MOBILE, Ala. — From the moment that Clemson quarterback Deshaun Watson turned down an invitation to the Senior Bowl, the buzz at the event took a nosedive — and no more than at any position than quarterback.
The six who are playing in the event all have their virtues, but they also come with a lot of questions. There isn’t a Day 1 starter in the group, and there might not be a Year 1 starter (outside of the team drafting them facing unusual circumstances) either.
Those searching for the next Dak Prescott here will be sadly disappointed. And really, that would be a case of revisionist history as Prescott — though we liked him a lot as our No. 37 overall prospect in 2016 — had an OK but hardly special week a year ago in Mobile. The star here was Carson Wentz.
Although there is one day left of practice on Thursday for this year’s Senior Bowl, plus Saturday’s game, there’s a pretty good feel for the quarterbacks from this group and how they are stacking up.
Here is how we would rank the six to this point:
Nate Peterman, Pitt — A nice week from Peterman thus far. After a few early wobblers in Wednesday’s practice, he ripped a few balls that cut through the wind better and showed that he has a little hot sauce when he needs it. There might not be anything amazing in his game, and he’s right above that height cutoff (6-foot-2 ½) where some old-school coaches and evaluators might grumble a bit.
But overall, he throws well on the move, gets rid of it smoothly and doesn’t have mechanics that a QB coach is going to have to strip down and rebuild. A team could do a lot worse, and the Chicago Bears’ staff appears to be taking a liking to him. He has been getting most of the first-team reps and doing well with them.
The best throw we’ve seen to date was Peterman hitting Florida International TE Jonnu Smith on a gorgeous sideline pass where only Smith, covered closely by a linebacker, could catch it. In a middling-at-best group, it’s throws like that one that will stick in evaluators’ minds leaving Mobile.
Peterman entered this week as the best of the lot of QBs, and that has not changed. We’ve also not been blown away, but he certainly hasn’t been bad at all.
Best-guess draft range: Peterman had a chance to work his way into being a top-75 pick. At worst, he likely won’t fall too far into Round 4.
Davis Webb, Cal — Coming into the week, Peterman and Webb had the best chances to boost their stocks. Peterman has held steady. Webb has been uneven. Not awful by any means, as he got a little more comfortable during the week, but the improvement has been subtle.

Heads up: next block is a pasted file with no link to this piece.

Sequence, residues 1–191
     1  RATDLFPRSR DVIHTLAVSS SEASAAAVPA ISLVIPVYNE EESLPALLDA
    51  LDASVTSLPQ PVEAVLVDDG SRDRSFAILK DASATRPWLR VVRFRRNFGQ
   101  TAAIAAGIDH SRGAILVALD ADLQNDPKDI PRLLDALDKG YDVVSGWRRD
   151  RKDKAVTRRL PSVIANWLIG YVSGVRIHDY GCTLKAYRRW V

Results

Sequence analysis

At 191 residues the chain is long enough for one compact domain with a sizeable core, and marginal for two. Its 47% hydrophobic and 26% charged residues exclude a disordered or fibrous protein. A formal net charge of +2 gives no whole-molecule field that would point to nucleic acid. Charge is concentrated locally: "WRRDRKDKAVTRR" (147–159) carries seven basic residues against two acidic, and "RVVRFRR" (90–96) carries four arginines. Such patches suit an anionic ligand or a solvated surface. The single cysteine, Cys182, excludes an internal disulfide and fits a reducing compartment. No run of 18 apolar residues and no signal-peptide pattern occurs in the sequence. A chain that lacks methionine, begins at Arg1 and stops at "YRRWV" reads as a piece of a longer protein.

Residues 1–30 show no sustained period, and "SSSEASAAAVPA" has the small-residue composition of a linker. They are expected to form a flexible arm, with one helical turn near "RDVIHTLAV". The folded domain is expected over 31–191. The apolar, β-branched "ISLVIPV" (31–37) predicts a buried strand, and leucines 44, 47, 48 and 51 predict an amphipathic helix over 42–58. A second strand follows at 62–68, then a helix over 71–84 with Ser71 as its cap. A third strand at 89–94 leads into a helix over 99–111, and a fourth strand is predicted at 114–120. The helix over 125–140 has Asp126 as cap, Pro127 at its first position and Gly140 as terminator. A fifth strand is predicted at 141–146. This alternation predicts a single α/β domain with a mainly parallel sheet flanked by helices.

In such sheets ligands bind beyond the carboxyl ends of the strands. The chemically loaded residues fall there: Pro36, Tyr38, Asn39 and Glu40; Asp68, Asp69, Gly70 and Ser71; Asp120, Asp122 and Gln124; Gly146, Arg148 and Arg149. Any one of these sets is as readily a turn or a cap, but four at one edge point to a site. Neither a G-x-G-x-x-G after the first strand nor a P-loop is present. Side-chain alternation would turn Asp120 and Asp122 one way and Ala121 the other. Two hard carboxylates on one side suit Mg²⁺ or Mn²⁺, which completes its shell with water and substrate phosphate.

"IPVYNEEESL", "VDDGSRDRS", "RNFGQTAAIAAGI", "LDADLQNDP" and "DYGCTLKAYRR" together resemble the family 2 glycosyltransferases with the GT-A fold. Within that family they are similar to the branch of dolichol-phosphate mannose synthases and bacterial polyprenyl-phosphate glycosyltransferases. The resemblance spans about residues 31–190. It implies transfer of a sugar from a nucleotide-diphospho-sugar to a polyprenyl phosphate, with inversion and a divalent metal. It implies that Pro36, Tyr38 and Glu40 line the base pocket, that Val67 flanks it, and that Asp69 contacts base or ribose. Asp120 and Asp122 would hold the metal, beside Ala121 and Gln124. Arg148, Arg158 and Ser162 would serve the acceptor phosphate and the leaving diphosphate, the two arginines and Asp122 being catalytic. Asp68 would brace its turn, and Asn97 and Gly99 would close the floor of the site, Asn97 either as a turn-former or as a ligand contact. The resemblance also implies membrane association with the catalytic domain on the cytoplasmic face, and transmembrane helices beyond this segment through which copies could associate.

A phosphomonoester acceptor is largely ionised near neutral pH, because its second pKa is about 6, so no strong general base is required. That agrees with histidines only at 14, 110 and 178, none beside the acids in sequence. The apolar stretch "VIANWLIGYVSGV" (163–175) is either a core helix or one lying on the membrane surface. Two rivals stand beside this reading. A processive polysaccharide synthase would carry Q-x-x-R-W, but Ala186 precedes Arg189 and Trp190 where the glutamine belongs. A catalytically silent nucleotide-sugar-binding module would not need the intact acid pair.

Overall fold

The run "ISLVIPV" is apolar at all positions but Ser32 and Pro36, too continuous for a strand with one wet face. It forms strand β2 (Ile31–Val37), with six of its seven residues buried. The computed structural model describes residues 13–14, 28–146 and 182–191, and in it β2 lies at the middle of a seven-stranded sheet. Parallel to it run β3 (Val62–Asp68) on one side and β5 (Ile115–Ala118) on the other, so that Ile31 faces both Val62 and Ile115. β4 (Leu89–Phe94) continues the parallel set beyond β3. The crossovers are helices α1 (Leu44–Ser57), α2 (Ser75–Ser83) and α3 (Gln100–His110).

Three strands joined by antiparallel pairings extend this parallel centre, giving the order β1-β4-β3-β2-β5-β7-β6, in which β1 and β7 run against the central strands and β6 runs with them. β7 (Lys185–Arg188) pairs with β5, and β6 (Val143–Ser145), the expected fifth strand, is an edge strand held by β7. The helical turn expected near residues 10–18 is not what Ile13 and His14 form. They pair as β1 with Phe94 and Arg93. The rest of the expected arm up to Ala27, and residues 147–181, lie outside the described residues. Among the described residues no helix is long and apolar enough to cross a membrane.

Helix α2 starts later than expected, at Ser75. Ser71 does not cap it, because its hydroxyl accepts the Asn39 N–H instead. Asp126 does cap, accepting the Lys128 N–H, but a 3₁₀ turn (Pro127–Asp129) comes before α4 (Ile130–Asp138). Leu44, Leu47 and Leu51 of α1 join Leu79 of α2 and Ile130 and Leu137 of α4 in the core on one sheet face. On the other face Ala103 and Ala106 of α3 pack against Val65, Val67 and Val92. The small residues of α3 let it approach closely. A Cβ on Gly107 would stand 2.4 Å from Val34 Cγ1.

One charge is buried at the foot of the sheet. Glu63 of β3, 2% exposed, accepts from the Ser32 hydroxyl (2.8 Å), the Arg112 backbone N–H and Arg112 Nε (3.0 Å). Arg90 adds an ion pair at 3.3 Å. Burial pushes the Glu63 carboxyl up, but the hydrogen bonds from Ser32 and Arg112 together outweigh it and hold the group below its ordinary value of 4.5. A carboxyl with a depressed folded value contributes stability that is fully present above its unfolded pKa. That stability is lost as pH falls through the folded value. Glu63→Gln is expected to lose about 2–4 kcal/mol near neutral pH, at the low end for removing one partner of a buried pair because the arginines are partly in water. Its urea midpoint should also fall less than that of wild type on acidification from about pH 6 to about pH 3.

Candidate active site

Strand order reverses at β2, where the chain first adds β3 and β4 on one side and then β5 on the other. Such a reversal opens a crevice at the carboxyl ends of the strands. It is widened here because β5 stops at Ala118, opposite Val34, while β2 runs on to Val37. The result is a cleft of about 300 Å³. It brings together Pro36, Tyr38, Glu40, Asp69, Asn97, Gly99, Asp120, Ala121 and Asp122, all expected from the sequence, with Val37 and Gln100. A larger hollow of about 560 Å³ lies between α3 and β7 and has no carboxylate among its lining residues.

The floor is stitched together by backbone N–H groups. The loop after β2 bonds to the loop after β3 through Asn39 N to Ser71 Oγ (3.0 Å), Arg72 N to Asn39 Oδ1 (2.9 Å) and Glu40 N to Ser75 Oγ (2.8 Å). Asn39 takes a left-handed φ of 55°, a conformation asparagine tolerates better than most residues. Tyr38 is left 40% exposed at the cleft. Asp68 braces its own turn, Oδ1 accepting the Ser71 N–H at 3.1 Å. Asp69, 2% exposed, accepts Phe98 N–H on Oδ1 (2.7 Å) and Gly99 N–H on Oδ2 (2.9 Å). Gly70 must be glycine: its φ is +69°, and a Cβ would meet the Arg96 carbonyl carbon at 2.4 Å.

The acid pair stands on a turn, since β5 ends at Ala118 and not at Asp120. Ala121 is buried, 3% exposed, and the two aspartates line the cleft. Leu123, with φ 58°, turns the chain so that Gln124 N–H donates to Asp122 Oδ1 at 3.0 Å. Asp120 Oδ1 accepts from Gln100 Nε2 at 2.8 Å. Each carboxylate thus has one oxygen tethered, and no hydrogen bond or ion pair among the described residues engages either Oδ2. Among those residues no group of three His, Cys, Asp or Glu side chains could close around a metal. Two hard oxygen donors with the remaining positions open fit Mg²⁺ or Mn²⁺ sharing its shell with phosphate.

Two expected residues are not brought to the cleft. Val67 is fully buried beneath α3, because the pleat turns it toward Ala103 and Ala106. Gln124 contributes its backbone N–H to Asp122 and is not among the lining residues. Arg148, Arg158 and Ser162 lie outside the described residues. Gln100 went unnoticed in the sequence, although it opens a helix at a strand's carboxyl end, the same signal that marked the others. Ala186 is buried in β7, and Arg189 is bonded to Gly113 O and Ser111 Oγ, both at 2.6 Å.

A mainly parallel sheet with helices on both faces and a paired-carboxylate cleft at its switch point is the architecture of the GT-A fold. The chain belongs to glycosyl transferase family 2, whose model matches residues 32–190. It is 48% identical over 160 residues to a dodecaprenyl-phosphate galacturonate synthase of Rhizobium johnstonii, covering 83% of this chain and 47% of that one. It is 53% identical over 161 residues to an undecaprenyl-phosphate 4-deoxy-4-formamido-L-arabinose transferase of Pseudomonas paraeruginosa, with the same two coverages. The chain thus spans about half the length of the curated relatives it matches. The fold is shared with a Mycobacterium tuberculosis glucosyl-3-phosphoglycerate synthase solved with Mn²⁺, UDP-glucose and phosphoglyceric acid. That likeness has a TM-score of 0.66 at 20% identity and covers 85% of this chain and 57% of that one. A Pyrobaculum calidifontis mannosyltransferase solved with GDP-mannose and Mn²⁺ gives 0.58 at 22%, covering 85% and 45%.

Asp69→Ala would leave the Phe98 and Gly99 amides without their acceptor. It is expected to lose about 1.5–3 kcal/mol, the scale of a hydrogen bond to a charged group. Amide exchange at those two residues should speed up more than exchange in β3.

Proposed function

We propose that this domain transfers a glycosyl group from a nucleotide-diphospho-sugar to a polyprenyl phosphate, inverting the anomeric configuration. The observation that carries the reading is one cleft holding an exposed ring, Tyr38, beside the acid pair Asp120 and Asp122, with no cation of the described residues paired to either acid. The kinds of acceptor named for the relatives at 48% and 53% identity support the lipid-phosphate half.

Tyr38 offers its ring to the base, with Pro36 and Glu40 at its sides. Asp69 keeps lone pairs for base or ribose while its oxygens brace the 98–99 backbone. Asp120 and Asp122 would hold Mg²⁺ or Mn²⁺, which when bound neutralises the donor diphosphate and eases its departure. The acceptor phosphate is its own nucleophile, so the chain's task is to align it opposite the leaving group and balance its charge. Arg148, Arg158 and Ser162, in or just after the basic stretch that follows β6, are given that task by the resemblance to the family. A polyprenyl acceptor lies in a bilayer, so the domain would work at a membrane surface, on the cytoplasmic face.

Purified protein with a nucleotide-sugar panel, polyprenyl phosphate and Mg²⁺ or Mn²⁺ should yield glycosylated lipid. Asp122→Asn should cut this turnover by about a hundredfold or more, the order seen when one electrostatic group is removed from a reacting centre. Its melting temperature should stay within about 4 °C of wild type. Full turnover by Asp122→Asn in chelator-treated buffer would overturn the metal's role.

Webb throws a pretty ball, has the ideal size a team wants (6-foot-4 5/8, 229 pounds) and has a good makeup. He’s a coach’s son, worked in two different systems in college at Texas Tech and Cal (both “Air Raid” offenses but ones he said were vastly different from each other), and has not looked uncomfortable dropping from center, which he never did in college. Credit his former QB coach, Jim Zorn, for helping on that aspect.
But Webb also has scattershot accuracy, still is learning how to call plays in the huddle (also very new) and will have to overcome the small-hand stigma that the man he replaced at Cal, Jared Goff, faced a year ago. Remember what Cleveland Browns head coach Hue Jackson said about hand size at the NFL scouting combine last year? We do, and Jackson’s staff is coaching Webb this week.
Best-guess draft range: With improvement, he can be an early Day 3 pick. Day 2 might be a tad early for him to go off the board, even with the ballooned value of quarterbacks.
Josh Dobbs, Tennessee — He is an interesting study. I’ve bumped him up a little this week for two reasons: One, he had a nice opening practice on Tuesday, and two, he’s just so darned tough-minded and intelligent, traits that indicate someone will give him a chance to play QB in the NFL.
Dobbs has not progressed markedly as a passer — in terms of consistently making NFL-type throws, anyway — over his four years in college, but he was also in a system where things were simplified and geared toward the run primarily. (Frankly, you can’t say that the Tennessee staff earned the highest marks for using its talent most effectively or for its player development in a lot of cases, either.)